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  • I crossed the Mount Lebanon range alone without a map or a compass in a pair of flip-flops of such poor quality that the backs quickly crumbled away and I had to wear socks to stop my heels from scraping against the ground.

    Two men stopped to try and persuade me to sell their latest batch of Lebanese hash in England, I enjoyed a lunch of raw goat liver, milk and cigarettes in the tent of nomadic goat herders and slept a night on a rocky outcrop jutting from the mountainside as the sunset clouds boiled up the valley towards me like blood billowing through water.

    The next day I saw what remains of the famous cedars of Lebanon and trekked down the Qadisha valley, a deep, jagged ravine with houses and monasteries jutting from the cliffs. At one point I lost the path and found myself clambering down an increasingly steep hillside. I accidentally dropped my backpack and it rolled down the hill, off the top of a cliff and landed with a distant splash in the river many hundreds of metres below.

    A couple of days later, after locating the backpack and drying out all of the important stuff, I arrived at Nahr al-Bared refugee camp in the north of the country. A friend of mine was teaching English to the Palestinian refugees there and had invited me to stay over for the night until my flight left Beirut. He was pleased to see me but warned that there were parts of the camp that were no-go areas for Westerners.

    There are around 400,000 Palestinian refugees in Lebanon and they have been there since they, their parents or grandparents left behind their homes during the birth of the state of Israel in 1948. They can’t go back and they aren’t allowed to buy homes in Lebanon or, indeed, have any kind of decent job. They live in these refugee camps that are becoming increasingly overcrowded as the population grows. You will probably not be surprised to hear that most of them feel totally abandoned by the international community and nurse a fierce, irrational hatred for Zionists and their supporters.

    My friend took me to the house of a couple of friends of his, young Palestinian men. We drank mint tea, smoked and after the usual polite introductions started to discuss Middle Eastern politics.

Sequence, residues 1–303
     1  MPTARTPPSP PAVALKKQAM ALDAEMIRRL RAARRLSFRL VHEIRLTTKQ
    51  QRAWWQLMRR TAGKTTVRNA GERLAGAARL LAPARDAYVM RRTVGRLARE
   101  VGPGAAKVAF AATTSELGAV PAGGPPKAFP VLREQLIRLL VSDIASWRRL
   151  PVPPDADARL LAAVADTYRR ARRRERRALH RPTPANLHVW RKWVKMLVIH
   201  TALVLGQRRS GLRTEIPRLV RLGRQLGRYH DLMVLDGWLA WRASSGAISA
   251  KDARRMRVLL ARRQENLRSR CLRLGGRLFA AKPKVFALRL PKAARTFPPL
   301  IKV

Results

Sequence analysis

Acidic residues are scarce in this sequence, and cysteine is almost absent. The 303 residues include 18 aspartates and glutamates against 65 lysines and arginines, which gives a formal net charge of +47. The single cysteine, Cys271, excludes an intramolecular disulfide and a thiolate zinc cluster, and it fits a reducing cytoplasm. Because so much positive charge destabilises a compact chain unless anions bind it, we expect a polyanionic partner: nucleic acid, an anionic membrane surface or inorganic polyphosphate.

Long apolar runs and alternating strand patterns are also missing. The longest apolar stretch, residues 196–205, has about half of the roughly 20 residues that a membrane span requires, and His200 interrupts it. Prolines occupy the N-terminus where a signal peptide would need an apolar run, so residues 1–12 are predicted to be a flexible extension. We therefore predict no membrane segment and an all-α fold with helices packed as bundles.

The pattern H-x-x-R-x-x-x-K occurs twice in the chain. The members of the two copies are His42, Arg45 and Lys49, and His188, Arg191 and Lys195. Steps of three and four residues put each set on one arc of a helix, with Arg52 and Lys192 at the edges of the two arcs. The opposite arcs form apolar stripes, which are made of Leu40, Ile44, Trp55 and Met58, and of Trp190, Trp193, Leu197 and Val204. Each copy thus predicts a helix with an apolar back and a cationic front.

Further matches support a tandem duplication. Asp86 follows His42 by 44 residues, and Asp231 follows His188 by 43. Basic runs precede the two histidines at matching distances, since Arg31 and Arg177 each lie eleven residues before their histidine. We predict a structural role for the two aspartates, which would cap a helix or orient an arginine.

Many Palestinians trace the cause of their displacement back to a letter written by the Conservative MP Arthur Balfour back in 1917, supporting the establishment of a Jewish homeland in the Middle East. As an Englishman I was regularly asked to explain or account for Balfour’s actions.

    Then the talk turned to Hitler.

    “Hitler was a great man, no? He killed a lot of Jews.”
    “Hitler was not a great man, he was a fucking lunatic monster. He slaughtered millions of innocent people because of some insane view of racial science. And he was an anti-Semite, remember. That includes Arabs.” I said.
    “No, you are wrong about this. Hitler had a great admiration for Islam. He saw that the Jews wanted to take his people’s land and money, just as they have taken mine.”
    “I’m sorry, Hamed, there is no way for you to persuade me that Hitler was in any sense a good man. You are confusing your hatred of Israel with a hatred for Jews.”

    Hamed was quiet for a moment, then got up and left the room. When he came back in he was wearing a black and white Palestinian Kiffeyeh wrapped around his face so only his eyes were showing. And he was holding an AK47, jabbing the barrel towards my face.

    “What do you think about Hitler now, my friend? You like Hitler?”
    “Say it please”
    “I like Hitler”
    He started to laugh and unwound the scarf.
    “Just a joke, my friend. We are just laughing with you”

    I smiled and drank my tea and two days later I was back in London, looking for a job.
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